I appreciate that our culture cares about the psychological well-being of our citizens. But from a Christian perspective, we know that the answer to our inner struggles isn’t an inner solution; rather it is the external work of Christ on the cross, who came to make peace with God. The mental health category, as defined by our secular society and on its own, then, is profoundly deficient. The issues that are plaguing our nation, and our citizenry, aren’t primarily mental, but spiritual.
Again, I am not saying chemical imbalances in the brain aren’t a real thing that need real medicinal treatment. What I am saying, and I trust Christians across the spectrum can agree, is that what our society is calling “mental health concerns” are really a symptom of a much deeper, darker malaise. It is an attempt to find peace and fulfillment in the creation — in ourselves — and not in the Creator. As C.S. Lewis once put it: “If we find ourselves with a desire that nothing in this world can satisfy, the most probable explanation is that we were made for another world.”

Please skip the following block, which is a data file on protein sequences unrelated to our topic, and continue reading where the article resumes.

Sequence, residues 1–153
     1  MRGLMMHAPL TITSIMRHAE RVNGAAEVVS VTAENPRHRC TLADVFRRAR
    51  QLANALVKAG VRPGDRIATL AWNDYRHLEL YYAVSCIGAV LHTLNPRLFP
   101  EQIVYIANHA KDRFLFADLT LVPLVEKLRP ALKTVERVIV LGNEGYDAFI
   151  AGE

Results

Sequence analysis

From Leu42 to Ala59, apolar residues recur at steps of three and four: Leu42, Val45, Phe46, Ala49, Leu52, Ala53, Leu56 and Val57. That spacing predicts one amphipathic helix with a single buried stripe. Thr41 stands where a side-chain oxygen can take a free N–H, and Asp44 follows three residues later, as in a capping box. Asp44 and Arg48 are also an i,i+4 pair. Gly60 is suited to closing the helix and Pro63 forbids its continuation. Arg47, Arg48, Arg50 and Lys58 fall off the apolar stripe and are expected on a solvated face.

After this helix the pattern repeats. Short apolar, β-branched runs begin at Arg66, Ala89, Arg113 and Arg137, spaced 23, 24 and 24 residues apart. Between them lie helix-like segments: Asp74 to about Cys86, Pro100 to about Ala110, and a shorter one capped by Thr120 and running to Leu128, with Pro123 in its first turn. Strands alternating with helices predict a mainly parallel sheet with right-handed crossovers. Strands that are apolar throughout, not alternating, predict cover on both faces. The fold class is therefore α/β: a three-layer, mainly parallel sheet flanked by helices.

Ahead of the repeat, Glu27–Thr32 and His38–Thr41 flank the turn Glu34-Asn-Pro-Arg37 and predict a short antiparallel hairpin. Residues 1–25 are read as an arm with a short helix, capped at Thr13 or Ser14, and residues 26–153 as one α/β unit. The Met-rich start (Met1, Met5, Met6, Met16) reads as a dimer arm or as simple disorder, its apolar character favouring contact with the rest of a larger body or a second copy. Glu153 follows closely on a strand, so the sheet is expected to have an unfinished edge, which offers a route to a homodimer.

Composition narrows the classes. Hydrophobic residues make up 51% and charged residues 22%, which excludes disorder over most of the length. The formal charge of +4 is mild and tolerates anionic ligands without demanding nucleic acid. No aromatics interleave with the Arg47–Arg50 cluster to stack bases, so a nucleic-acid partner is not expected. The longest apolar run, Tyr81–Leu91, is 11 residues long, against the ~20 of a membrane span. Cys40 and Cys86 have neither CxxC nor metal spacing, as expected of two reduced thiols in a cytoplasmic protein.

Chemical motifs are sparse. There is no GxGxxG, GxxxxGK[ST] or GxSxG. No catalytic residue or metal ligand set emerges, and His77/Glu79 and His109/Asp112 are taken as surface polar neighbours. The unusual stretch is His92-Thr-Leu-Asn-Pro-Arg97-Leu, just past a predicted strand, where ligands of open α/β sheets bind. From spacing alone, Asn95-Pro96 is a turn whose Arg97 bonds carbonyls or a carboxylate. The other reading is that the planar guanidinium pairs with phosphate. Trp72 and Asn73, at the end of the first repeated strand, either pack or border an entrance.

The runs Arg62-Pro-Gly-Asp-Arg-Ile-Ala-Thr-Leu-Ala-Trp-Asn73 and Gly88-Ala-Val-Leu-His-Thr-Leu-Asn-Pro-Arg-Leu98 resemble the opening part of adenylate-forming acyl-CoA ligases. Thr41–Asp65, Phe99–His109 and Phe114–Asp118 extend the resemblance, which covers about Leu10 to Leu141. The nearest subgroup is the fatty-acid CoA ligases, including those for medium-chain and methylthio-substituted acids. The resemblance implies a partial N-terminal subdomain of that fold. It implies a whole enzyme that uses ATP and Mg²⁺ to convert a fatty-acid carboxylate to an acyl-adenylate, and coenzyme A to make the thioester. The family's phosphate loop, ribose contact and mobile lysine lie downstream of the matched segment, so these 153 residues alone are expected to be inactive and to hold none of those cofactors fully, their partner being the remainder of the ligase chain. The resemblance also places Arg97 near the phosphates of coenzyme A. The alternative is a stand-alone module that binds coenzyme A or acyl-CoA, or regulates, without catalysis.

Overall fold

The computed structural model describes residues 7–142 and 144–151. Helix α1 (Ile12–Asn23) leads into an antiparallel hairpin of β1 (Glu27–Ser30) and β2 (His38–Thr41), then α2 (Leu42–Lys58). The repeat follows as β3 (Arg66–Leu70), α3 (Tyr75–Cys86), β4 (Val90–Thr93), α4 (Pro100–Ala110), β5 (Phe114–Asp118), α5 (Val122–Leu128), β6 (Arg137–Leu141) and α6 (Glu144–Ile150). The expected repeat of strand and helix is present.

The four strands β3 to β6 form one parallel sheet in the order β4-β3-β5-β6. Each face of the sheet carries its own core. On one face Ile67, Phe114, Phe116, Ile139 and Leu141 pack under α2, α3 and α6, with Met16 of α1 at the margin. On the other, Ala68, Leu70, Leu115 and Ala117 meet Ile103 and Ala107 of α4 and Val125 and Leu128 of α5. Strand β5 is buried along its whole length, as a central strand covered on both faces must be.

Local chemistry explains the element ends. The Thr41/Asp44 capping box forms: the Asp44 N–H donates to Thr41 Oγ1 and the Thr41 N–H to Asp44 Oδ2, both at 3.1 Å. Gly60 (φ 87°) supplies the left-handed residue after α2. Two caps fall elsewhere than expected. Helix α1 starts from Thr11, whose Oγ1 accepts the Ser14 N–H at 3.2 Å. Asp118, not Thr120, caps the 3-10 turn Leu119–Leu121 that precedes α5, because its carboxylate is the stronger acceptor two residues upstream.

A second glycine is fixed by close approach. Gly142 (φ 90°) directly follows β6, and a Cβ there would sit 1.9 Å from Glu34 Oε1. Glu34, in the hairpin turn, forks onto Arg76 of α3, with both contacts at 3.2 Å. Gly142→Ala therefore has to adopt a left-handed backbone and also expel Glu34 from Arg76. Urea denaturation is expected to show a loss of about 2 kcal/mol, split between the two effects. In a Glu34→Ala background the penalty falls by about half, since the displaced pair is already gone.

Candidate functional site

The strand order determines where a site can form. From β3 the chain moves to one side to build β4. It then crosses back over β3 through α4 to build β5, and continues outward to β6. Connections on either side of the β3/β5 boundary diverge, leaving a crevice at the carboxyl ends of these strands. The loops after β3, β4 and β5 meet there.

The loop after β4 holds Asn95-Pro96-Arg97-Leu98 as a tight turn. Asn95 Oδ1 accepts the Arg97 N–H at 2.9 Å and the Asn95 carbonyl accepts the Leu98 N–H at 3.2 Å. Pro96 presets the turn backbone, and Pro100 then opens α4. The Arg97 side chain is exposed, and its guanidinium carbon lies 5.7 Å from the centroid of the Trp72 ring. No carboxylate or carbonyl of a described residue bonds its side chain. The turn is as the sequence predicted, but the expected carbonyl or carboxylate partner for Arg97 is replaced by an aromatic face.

To admit that we were made for another world — that we are embodied souls — would disrupt the entire post-modern project that is terraforming our metaphysical categories at lightning speed, seeking to dispense with any notion of God, truth, judgement, sin, personal unease, guilt, and discomfort.